I am interested in how the 50% ownership will work for Village Farms, will they sell the product to Emerald? Will they receive their own cultivation/sales license and sell their 50% of production themselves? What prices will they be charging Emerald, if Emerald buys their product, or will they sell it to competing LPs? Are all profits from EMH sales from the facilities split in 50%? Will the JV sell under their own label, with 50% of profits funneling to each partner? Sell under Emerald, with 50% of profits going to each partner? Village Farms is definitely undervalued now, but there are so many questions when trying to determine just how undervalued they are.
It also seems like these acquired greenhouses are not as automated as the Aphria/Aurora greenhouses (although labeled "state of the art" in their investor presentation). Are these facilities going to have a long life? Is there significant capital spending required in the future for upkeep? Are the facilities going to produce significantly less per square foot as the automated facilities (projections are below-average but estimates are said to be conservative)?
There is a risk to operation scale if there is no demand for the extra supply. At 300 million grams total for the JV, they will be supplying more than 1/4 of Canada. If there is a production cap and there is no international markets or licensed producers available to purchase the excess supply, net income potential is capped. The production cap is extremely possible and it is unsure if international markets and their early stages of legislation could handle the excess supply. In any event of a production cap, Emerald Health is still one of the better value picks in the sector.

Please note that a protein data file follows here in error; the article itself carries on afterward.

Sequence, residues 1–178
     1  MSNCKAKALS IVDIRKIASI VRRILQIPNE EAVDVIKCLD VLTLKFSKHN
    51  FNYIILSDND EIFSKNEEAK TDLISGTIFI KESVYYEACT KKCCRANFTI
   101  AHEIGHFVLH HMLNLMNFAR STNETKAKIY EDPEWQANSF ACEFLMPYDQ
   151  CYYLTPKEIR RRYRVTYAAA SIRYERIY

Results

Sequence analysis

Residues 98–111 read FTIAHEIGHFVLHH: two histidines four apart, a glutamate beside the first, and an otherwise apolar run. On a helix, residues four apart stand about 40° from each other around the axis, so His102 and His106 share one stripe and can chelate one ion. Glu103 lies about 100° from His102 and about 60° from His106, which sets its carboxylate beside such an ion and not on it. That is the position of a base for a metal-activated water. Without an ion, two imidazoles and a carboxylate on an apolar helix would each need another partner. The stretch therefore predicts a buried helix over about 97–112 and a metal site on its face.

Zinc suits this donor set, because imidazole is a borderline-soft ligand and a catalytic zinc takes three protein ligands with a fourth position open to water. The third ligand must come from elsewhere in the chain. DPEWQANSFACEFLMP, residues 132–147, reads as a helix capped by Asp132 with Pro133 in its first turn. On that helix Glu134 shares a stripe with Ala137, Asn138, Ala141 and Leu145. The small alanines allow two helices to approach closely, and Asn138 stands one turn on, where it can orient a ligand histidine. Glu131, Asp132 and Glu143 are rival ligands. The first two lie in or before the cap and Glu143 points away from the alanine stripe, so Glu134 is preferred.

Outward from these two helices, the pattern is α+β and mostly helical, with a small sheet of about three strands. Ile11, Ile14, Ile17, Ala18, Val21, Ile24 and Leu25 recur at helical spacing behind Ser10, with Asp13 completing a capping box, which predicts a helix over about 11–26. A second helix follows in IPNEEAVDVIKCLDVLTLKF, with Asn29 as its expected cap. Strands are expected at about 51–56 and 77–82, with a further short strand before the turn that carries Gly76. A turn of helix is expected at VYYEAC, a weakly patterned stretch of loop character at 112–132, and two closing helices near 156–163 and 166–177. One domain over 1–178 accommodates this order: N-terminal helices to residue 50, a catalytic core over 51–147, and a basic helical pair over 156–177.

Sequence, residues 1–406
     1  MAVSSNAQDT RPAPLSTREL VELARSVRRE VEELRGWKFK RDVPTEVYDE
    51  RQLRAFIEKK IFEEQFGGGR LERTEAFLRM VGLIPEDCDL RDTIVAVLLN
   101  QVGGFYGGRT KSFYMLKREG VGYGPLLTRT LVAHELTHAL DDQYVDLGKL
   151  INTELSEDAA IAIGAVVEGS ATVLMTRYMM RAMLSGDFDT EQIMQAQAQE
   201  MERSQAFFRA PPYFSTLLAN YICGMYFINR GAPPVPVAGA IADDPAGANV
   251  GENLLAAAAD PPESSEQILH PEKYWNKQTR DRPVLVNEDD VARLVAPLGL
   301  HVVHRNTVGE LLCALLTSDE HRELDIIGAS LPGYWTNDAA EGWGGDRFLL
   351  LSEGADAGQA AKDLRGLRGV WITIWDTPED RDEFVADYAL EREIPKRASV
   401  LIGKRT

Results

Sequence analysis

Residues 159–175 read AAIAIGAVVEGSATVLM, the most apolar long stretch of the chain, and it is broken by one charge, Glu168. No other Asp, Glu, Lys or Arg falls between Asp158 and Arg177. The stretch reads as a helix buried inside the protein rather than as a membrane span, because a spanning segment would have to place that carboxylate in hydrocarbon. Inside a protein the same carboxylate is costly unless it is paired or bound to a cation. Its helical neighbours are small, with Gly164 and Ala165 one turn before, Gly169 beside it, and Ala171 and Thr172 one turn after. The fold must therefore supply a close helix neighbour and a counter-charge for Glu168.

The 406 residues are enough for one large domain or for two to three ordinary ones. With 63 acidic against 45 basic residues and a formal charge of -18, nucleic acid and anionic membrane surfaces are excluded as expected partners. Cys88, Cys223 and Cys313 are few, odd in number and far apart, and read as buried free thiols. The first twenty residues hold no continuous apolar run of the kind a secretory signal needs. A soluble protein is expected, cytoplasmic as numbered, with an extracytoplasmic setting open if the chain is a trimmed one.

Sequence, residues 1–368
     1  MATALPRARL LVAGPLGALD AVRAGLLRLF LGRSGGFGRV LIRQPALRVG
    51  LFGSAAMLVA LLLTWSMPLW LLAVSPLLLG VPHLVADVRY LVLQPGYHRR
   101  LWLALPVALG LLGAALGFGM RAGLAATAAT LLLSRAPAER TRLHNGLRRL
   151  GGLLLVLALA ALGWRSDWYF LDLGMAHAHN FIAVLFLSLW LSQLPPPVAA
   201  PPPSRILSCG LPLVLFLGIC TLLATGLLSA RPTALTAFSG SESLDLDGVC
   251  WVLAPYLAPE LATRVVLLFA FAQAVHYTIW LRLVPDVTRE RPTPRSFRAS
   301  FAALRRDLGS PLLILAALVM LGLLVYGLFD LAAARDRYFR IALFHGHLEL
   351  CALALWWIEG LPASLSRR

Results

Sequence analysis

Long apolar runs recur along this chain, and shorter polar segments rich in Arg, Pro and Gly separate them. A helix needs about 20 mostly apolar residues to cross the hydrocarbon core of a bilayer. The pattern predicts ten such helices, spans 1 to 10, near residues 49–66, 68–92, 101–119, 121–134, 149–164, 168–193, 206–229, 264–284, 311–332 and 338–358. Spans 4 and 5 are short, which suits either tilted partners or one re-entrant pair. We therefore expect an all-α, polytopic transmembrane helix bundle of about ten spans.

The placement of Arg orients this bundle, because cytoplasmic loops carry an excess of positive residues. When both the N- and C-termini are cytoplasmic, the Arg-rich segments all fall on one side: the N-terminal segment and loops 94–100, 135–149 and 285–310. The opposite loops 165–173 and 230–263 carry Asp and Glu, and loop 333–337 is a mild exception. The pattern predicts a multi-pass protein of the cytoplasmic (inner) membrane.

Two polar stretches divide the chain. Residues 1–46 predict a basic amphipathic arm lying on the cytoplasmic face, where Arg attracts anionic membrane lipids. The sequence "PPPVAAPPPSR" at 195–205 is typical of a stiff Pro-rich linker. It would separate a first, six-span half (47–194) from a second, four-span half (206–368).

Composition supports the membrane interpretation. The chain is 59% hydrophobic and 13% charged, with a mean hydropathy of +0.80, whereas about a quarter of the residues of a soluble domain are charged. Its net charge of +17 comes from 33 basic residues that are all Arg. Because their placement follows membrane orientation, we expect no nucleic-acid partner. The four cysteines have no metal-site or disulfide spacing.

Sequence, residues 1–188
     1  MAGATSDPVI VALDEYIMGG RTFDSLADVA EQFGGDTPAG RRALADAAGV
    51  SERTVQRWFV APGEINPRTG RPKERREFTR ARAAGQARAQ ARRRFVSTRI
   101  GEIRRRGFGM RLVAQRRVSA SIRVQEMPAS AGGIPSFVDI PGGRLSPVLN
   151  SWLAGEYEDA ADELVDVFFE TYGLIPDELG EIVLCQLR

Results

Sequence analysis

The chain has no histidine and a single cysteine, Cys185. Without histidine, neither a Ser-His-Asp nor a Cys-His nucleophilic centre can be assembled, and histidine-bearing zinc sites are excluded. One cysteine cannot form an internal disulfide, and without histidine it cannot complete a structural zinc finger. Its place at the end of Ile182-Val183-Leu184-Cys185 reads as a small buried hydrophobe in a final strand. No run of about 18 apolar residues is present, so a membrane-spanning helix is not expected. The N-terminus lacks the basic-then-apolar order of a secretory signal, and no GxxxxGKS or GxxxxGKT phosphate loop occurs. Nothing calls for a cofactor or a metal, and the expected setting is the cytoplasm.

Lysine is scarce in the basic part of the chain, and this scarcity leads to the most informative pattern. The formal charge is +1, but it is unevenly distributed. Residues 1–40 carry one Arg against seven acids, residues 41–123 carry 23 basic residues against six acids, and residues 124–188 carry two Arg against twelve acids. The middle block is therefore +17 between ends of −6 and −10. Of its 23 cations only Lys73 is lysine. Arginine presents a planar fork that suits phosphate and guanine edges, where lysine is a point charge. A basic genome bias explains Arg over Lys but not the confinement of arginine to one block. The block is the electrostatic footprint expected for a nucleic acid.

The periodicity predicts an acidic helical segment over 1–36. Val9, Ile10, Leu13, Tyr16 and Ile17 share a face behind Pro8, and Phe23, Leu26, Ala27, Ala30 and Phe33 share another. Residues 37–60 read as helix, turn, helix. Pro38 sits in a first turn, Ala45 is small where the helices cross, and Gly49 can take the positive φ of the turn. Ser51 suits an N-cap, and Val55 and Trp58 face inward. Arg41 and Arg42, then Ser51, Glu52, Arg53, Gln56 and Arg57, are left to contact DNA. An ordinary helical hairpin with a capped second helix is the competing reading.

Im writing an article on price targets across the industry so I wont go into extreme detail here. This is an extremely simplified price target and in no way represents my analysis on the industry, this company or this JV; this is a quick calculation based on net income for the growth phase on an industry that could very well end up completely different based on how various qualitative/quantitative variables play out.
In 2018, Emerald should net $0-10 million depending on how revenues play out from their 10,000,000 gram/100,000 sq ft. facility that is supposed to be finished by legalization. Emerald could net $40-50 million annually from this JV and their facilities combined for 2019 (depending on spending and operations; net incomes should be low for initial phases of legalization due to required spending for expansion). Emerald also has the opportunity to obtain the rest of the 4.8 million sq ft. available, which could push them over $150 million net (47.5 million current + 150 million if all 4.8 million sq ft. is utilized, minus margin of safety; also not including the rest of the 32 acres that Emerald owns that could add another 90 million grams annually if built out).
If this joint venture doesn't hit any major roadblocks, Emerald should be worth well over $800 million by 2019. $800 million represents a 20 PE on $40 million (less than $1/net on 47.5 million grams, a low end projection w/ margin of safety), this disregards any additional expansion on their own 1.4 million sq ft. property or the acquisition of the 3.7 million sq ft. that Village Farms has remaining in the JV contract. I also believe that valuations for this industry could be higher than average because of a variety of reasons that I've listed HERE in my analysis on the industry.
I believe that Emerald now has the best potential to be the largest licensed producer in Canada, based on all current information. It is not crazy to think that Emerald could be worth $1.5-3 billion down the road if there is a market for the 300 million grams that the JV could potentially produce across its 4.8 million sq ft. of greenhouses, plus there is the 1.4 million sq ft. of land that Emerald leases in BC (from the CEO).
At the lowest level, even 3% growth demands a 12PE in a DCF. A 12 PE for Emeralds (low-end) net income for 2019 would be $480 million (4x todays price). This industry is going to grow faster than 3% annually and the industry economics surrounding cannabis should lead to above average valuations (I linked to the reasons why in two paragraphs above, in my analysis on the industry).
Disclosure: I/we have no positions in any stocks mentioned, but may initiate a long position in TBQBF, ACBFF, APHQF, HYYDF, OGRMF over the next 72 hours.